Depression. It came into my room, gave me a wicked, hypnotising look and clobbered my guts to the ground. It dented my sense of self, clouded my thoughts with emptiness and sucked the life and meaning right out of whatever was left of me.
I’d like to describe it like that, but of course, that’s not how it happened, even if it sometimes felt that way. In truth, it was more like a slow dance into hell. Quiet, sort of nice and not so bad at all in the beginning.
Hello, nobody there
I was not popular as a child. I didn’t have friends and being a brainy bookworm with a small frame certainly didn’t score me any “cool” points either. Loneliness soon turned into a bigger bully, one that told me there was something wrong with me. When the bully got tired, Failure showed up. I made the mistake of listening while waiting, hoping for something or someone to change, turn around and notice me. Failure said I must not be good enough to have friends. I turned to work to escape that voice. Music drowned it out, but eventually I couldn’t play loud enough anymore. I couldn’t play well enough. I couldn’t work any harder. I drowned and gave in.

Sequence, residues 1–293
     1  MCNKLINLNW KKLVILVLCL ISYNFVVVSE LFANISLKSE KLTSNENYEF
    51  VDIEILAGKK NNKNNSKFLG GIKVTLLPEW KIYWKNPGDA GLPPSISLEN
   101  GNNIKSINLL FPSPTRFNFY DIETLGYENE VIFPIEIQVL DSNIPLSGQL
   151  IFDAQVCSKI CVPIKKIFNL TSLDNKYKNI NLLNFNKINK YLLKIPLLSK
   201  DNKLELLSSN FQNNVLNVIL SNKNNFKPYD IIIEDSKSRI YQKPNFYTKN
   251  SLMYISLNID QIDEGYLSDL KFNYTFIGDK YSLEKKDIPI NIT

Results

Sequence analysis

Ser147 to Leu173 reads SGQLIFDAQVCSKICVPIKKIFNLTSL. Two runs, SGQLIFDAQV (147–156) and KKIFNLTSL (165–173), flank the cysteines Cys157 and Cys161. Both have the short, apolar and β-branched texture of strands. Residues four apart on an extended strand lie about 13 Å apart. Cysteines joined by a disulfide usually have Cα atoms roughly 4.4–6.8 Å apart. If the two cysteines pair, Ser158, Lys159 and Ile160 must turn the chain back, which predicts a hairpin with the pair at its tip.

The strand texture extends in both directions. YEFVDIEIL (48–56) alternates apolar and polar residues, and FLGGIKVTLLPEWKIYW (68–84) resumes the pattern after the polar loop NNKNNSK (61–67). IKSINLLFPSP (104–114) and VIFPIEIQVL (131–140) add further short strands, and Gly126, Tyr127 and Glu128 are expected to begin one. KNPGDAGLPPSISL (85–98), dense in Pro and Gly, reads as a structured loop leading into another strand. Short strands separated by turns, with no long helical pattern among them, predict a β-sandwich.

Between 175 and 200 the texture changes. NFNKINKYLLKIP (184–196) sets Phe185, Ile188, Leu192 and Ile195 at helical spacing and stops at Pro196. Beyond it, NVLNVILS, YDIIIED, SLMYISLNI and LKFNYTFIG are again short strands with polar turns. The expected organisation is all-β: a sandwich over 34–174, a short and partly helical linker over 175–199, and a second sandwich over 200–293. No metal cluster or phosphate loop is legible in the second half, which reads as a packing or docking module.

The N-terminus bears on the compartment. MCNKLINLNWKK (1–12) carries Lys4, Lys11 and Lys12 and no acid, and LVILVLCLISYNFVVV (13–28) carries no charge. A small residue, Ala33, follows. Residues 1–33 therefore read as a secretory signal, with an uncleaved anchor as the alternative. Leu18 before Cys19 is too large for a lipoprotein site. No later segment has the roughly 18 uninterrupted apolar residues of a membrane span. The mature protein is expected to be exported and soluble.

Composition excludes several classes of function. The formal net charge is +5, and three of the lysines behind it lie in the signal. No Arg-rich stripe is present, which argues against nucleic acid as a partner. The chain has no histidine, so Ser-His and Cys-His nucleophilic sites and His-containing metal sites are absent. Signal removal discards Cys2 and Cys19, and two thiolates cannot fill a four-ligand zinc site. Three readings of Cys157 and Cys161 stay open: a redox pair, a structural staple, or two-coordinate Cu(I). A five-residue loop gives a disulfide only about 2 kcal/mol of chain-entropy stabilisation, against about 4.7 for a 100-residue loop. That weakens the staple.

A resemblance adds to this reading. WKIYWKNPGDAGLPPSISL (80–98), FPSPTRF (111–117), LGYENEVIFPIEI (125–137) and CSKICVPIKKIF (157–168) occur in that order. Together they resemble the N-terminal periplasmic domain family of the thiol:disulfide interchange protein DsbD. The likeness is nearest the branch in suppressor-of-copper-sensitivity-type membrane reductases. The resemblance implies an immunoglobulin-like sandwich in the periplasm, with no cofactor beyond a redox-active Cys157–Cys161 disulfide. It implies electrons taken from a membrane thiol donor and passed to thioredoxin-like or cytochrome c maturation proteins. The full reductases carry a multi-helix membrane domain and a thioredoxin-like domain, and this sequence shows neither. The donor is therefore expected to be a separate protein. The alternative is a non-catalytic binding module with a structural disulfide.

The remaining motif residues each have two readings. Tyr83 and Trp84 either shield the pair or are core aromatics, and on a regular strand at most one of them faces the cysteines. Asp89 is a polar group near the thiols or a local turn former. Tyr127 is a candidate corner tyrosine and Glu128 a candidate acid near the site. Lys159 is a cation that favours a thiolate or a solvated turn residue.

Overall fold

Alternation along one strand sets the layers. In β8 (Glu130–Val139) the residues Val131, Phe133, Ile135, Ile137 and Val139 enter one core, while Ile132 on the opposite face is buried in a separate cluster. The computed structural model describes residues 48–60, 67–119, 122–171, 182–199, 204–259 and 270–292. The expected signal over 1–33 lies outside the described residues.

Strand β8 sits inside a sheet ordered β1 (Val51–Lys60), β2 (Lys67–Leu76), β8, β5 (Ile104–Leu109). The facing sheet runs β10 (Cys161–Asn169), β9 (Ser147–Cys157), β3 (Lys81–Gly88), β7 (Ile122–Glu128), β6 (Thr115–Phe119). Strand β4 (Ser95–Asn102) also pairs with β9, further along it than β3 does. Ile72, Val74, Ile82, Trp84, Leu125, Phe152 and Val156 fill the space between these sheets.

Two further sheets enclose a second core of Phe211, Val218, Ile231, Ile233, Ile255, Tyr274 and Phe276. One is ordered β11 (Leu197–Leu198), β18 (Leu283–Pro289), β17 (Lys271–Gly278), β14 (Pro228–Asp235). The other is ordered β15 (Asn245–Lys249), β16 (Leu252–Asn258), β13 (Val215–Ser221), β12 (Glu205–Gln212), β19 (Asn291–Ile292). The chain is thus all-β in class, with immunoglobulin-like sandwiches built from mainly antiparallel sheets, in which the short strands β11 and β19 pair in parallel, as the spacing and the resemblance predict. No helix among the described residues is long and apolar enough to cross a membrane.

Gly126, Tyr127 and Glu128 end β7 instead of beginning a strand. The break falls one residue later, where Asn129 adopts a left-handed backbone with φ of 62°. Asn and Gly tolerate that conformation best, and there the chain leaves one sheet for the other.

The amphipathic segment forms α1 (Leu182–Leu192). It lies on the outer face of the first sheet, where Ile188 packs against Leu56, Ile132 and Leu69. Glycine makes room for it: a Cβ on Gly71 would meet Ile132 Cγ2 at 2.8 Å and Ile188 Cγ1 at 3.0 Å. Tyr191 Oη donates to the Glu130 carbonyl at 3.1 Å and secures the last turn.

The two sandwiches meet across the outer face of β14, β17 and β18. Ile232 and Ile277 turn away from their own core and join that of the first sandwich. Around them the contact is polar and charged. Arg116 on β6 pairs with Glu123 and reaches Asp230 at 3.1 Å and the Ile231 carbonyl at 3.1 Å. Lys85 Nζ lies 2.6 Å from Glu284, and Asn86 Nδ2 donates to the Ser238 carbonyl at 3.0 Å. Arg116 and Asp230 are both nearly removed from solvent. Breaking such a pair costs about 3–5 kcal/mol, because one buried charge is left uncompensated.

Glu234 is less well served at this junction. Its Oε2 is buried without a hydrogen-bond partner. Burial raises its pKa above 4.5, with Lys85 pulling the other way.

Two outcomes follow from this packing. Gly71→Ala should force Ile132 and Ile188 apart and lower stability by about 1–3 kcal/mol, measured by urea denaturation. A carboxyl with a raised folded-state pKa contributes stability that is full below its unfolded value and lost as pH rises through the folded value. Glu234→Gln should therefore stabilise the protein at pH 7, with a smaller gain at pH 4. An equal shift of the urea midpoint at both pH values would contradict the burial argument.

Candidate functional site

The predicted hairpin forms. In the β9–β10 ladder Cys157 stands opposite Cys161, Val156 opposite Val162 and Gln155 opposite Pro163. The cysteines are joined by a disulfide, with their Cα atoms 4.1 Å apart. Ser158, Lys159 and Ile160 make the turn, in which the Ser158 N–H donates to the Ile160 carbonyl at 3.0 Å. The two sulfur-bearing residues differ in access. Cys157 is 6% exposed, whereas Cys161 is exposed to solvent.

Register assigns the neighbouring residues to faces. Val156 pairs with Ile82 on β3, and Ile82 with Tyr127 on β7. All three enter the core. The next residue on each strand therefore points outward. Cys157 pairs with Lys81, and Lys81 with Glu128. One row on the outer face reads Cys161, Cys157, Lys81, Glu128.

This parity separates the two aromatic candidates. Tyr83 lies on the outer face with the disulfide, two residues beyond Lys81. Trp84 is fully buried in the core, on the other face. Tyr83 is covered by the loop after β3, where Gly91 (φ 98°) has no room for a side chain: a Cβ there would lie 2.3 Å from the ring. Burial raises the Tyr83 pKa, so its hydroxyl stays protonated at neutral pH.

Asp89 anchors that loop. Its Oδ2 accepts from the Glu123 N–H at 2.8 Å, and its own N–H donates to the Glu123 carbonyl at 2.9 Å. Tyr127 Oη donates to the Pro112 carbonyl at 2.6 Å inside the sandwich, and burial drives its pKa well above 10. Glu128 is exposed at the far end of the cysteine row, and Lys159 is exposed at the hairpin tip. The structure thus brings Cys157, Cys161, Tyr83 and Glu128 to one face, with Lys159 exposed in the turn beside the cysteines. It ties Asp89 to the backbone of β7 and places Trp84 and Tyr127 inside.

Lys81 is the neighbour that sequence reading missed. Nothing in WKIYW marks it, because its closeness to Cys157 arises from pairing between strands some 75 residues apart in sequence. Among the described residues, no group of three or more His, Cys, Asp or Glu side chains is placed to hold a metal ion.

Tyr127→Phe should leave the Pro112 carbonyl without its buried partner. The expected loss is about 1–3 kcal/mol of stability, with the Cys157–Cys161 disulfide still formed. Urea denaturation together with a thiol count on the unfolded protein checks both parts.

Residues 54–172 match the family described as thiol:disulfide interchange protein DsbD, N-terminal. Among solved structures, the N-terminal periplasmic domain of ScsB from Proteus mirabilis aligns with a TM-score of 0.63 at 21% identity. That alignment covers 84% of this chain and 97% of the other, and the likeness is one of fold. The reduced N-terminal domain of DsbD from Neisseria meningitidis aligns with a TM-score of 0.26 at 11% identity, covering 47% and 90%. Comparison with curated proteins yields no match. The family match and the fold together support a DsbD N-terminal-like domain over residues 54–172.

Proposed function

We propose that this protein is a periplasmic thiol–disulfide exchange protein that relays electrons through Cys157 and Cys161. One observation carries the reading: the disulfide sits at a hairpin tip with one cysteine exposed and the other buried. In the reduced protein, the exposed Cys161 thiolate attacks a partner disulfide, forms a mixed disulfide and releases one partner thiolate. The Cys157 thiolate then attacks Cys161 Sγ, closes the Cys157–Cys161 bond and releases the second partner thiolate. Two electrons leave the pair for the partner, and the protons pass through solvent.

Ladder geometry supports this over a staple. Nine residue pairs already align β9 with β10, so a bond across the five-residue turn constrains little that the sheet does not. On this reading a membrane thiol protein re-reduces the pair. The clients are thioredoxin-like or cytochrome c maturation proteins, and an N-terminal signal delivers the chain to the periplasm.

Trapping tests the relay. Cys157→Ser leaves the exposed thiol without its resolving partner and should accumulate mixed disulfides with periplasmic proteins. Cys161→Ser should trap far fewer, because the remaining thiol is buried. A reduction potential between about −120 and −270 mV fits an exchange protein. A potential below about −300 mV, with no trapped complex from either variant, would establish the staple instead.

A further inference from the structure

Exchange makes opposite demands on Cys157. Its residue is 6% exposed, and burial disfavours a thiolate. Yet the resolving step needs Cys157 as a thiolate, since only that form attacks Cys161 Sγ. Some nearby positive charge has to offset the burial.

I told you so
Depression came in, whispering, I told you so. I always told you so. I hated my life and yet I still tried so hard to look okay with it all. When I was done hating my life, it was all I could do to bother eating and be awake during what felt like endless, useless days.
That’s how it started. I listened. I did nothing. I thought those words were right about me. I ran away and it caught up with me. For the next ten years of my life after that, you could say I was in a relationship with depression and added anxiety, anger, numbness and self-harm to the party. We were a crazy little band, wreaking havoc without hope.
But the important thing is that this isn’t where the story ends …